I didn’t watch England play Germany last night, but my Twitter timeline was awash with Bukayo Saka chat, after he came on and helped England overturn a 2-0 deficit – although ultimately the game finished 3-3. It always helps when you play him in the position in which he’s most effective – although I can understand why, to some extent at least, he’s used elsewhere.
It’s because he is exceptionally good, and we have seen him play well as a wing-back, as a left-sided attacker, and I still wonder if, at some point, he might play more centrally. He’s definitely got the quality to do it in my opinion, but that might be a decision which depends on what it does to the balance of the team. I had a slight suspicion that the pursuit of Raphinha this summer was the precursor to that happening – but ultimately that didn’t happen and we need Saka on the right.
I’ve seen plenty of discussion about Saka’s form this season, and while I cannot agree with any kind of assertion that he’s been poor, I wouldn’t argue against one that says we’ve seen better from him. All the same, he has a goal and four assists in seven games so far, and I think he could have had more in each section too. Perhaps a little more conviction with one or two chances, better finishing from one or two passes, and we’d be looking at VERY healthy numbers instead of just quite decent ones.
The interesting thing about Saka now is the level of expectation, coupled with that importance he has on the right. He has become both fundamental to the side and very productive – especially when you consider he only turned 21 at the start of September. He was our leading goalscorer last season, but I think that was as much down to our lack of firepower at centre-forward for most of the campaign. This time around, I suspect Gabriel Jesus will outscore him, but people still look at the numbers he did last time around and use them as a kind of benchmark.
In total he had 19 goal involvements: 11 goals and 7 assists in the Premier League, plus 1 EFL Cup goal. Regardless of how many of each he gets this time around, we’re going to need similar numbers again if we want to continue our progress, and unfortunately there’s a bit more of a burden on him right now because we’re missing what Emile Smith Rowe brought last season too. Gabriel Martinelli is doing very well on the left, but October is going to test this squad to its physical limits and one of those positions is a bit of a problem.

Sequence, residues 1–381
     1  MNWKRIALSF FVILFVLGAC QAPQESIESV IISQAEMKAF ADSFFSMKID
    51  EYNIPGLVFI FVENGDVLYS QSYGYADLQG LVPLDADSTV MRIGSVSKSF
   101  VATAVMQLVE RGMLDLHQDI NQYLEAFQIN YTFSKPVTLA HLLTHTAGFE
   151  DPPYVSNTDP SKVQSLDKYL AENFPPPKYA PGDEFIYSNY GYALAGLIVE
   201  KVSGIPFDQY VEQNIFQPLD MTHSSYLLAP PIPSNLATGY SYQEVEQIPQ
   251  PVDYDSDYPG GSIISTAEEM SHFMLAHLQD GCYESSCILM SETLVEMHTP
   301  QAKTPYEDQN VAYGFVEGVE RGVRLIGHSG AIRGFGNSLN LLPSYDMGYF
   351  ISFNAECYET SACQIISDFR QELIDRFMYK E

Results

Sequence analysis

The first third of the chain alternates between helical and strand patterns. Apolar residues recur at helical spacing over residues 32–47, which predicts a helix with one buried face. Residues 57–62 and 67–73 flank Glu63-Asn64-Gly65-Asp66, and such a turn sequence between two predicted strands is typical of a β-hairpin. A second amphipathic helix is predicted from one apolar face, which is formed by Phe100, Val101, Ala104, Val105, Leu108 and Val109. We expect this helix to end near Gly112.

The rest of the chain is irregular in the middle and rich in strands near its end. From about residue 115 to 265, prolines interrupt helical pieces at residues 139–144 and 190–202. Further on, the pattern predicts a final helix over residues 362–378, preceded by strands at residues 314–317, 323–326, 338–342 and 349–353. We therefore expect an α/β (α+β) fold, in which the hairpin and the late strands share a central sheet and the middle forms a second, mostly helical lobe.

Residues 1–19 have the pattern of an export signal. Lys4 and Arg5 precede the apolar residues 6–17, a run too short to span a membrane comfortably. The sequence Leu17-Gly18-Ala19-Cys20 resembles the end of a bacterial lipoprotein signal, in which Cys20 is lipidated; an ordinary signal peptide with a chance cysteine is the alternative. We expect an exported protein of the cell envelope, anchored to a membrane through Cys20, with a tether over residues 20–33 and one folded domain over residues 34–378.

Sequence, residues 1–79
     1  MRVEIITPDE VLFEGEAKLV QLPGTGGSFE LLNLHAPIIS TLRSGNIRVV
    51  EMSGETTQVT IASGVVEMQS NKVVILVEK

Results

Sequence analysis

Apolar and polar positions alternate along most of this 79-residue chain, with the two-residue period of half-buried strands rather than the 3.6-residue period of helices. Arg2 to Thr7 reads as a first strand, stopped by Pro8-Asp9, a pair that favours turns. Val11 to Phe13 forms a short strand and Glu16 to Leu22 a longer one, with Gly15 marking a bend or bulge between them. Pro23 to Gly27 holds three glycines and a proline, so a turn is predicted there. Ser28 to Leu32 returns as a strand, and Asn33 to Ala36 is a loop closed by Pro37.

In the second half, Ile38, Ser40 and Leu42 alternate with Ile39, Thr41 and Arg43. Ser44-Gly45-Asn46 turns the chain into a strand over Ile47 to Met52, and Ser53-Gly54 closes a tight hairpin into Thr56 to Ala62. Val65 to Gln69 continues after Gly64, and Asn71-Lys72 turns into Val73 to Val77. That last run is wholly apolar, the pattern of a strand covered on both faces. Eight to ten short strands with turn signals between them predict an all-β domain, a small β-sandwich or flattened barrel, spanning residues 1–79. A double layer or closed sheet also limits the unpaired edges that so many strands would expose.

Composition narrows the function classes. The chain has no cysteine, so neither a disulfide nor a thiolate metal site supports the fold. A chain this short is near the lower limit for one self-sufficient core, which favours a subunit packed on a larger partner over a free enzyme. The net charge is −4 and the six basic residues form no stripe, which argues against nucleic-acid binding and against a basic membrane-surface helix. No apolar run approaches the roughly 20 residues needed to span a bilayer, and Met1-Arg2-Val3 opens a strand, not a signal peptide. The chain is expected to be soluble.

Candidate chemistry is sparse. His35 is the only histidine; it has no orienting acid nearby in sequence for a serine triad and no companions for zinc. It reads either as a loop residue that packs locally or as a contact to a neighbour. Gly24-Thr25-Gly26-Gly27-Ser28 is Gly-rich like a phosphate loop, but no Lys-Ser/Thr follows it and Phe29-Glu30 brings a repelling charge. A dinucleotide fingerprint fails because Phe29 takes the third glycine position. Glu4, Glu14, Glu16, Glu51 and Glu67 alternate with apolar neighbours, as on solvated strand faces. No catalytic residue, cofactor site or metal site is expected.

On the right, Marquinhos might well be an option we didn’t really think we were going to have, but we’re basing that on one, admittedly very good, performance. What was striking about the team selection against FC Zurich, was the fact that Martinelli started on the left and played the full 90 minutes. We can’t play him for 9 games in 30 days, so it’s important Arteta finds some kind of solution.
Hopefully, Smith Rowe can regain some fitness quickly, because that’s the most obvious answer to this particular problem. Beyond that, I’m looking at the squad and thinking we’re going to have to put more minutes into players we’d much prefer to be resting. Using Eddie Nketiah in the middle and playing Gabriel Jesus out wide is far from ideal, but there’s not much else unless the manager puts some genuine faith in an Academy talent. It might be a case that the best solution is using the 5 subs rule as best we can to manage the minutes we put into the players during this hectic period – while keeping fingers crossed we don’t pick up any more injuries. Let’s see!
Finally for today, the Raul Sanllehi interview in The Athletic came up for more in-depth discussion on the latest Arsecast Extra, so you can check that out below for more. Just to say briefly though, it was amusing – to say the least – that he was critical of the current set-up which is now working, albeit after going through some turbulent times, while maintaining his was preferable.
The confirmation of what I’d long suspected, that Sanllehi was the man who drove the Unai Emery appointment, was the most interesting part, and with all due respect to the former head coach, he was absolutely the wrong man at the wrong club at the wrong time, and there are still lots of questions about the involvement of certain agents in that decision. Not to mention his reluctance to make a change when it became so obvious that needed to happen.
Sanllehi’s Arsenal was a Frankenstein’s monster, a club going nowhere with no plan or no direction. We’ve come quite a long way since, through some difficult periods no question, but there’s no doubt in my mind if Raul was still here, we’d be floundering and much, much further away from where we need to be. Criticism of Arteta as ‘manager’ only stands up if what you were doing was beneficial, and for Arsenal football club at least, it was anything but.
Listen to the pod below, as we also discuss Thomas Partey, the Interlull, the dodgy graphics in FIFA 23, and much more. Till tomorrow.